On August 12, 1966 (prior to Dr. Brocker's above-mentioned custody suit in Ohio on August 25), the Mother filed a Petition with the Butler County Court (1) praying that her former husband be held in contempt for failure to pay support for their children as required by the Order of that Court, and (2) praying for an increase in the Court's original Support Order. A Rule to show cause was issued on Brocker and a hearing was held on August 30, 1966, at which Dr. Brocker's Butler County attorney Gilchrist entered his
appearance. During the course of this hearing, counsel for the Mother presented another Petition to that Court praying that Brocker be held in contempt for his failure to return the children to her on August 25, 1966 pursuant to the aforesaid Amended Custody Order of the Butler County Court, and that an attachment issue.
On August 31, after the conclusion of this hearing, the Butler County Court modified its Support Order by increasing the amount of support to $150 a month for each child. The next day, September 1, 1966, that Court issued a Rule on Dr. Brocker to show cause why he should not be held in contempt for failure to return their children to their Mother. This Rule was returnable on the afternoon of the following day, namely September 2nd. The Court obviously was concerned about having the children returned to the Mother in time for the new school year, and this occasioned the prompt scheduling of a hearing. While the record is not clear as to exactly what happened thereafter, the Court continued the hearing on the Rule until Tuesday, September 6, at 4:00 P.M. However, neither Brocker nor his counsel appeared at the hearing on September 6. The Court thereupon entered a Contempt Order which (1) assessed a penalty against Brocker in the amount of $25,000 payable to the County, and (2) provided for commitment of Brocker to prison pending compliance, and (3) further provided: " The penalty is hereby remitted if the defendant purges himself of his contempt by obedience to the orders of this Court within five days from this date [September 6, 1966]." From this Contempt Order, Brocker took this appeal.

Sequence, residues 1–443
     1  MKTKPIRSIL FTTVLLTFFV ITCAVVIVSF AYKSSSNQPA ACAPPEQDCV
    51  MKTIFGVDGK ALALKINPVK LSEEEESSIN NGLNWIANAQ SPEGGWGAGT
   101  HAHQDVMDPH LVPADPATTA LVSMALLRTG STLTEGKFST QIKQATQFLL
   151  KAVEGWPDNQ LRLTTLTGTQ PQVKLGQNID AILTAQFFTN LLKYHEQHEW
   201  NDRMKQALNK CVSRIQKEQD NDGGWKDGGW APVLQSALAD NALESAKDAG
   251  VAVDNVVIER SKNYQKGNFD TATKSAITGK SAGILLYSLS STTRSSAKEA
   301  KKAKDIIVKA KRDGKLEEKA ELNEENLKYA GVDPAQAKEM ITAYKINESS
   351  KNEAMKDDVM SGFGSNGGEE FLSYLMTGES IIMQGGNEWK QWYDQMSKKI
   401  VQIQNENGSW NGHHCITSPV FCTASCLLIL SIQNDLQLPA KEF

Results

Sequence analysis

In order to properly evaluate appellant's contentions, it is necessary to briefly review the law with
respect to contempt and its divisions, which are sometimes obscure.
The Courts have always possessed the inherent power to enforce their Orders and Decrees by imposing penalties and sanctions for failure to obey or comply therewith. Commonwealth ex rel. Beghian v. Beghian, 408 Pa. 408, 184 A.2d 270; Knaus v. Knaus, 387 Pa. 370, 127 A.2d 669; Michaelson v. United States, 266 U.S. 42; Green v. United States, 356 U.S. 165; United States v. United Mine Workers of America, 330 U.S. 258; Commonwealth ex rel. v. Perkins, 124 Pa. 36, 16 Atl. 525; Penn Anthracite Mining Co. v. Anthracite Miners of Pennsylvania, 114 Pa. Superior Ct. 7, 174 Atl. 11; Commonwealth v. Sheasley, 102 Pa. Superior Ct. 384, 157 Atl. 27.
Contempt is divided legally into two classes: (1) Civil Contempt and (2) Criminal Contempt, (a) direct contempt and (b) indirect contempt. Knaus v. Knaus, 387 Pa., supra; Philadelphia Marine Trade Assn. v. International Longshoremen's Assn., 392 Pa. 500, 140 A.2d 814; Commonwealth ex rel. Beghian v. Beghian, 408 Pa., supra; Marco Industries, Inc. v. United Steelworkers of America, 401 Pa. 299, 164 A.2d 205.
The dominant purpose and objective of the Court's Order is the controlling factor in the determination of whether the contempt was civil or criminal. Not only is the dividing line between civil and criminal contempt sometimes shadowy or obscure, but the same facts or conduct may constitute or amount to both civil and criminal contempt. United States v. United Mine Workers of America, 330 U.S., supra. Moreover, it is clear that a Court can for present or past acts of misbehavior amounting to ...